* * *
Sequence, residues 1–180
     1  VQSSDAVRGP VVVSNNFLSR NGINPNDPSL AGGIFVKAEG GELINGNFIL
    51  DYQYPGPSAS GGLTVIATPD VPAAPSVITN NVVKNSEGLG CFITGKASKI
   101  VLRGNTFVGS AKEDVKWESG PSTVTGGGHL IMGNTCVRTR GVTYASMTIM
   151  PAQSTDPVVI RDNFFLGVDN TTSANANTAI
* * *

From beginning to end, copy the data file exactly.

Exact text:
Sequence, residues 1–180
     1  VQSSDAVRGP VVVSNNFLSR NGINPNDPSL AGGIFVKAEG GELINGNFIL
    51  DYQYPGPSAS GGLTVIATPD VPAAPSVITN NVVKNSEGLG CFITGKASKI
   101  VLRGNTFVGS AKEDVKWESG PSTVTGGGHL IMGNTCVRTR GVTYASMTIM
   151  PAQSTDPVVI RDNFFLGVDN TTSANANTAI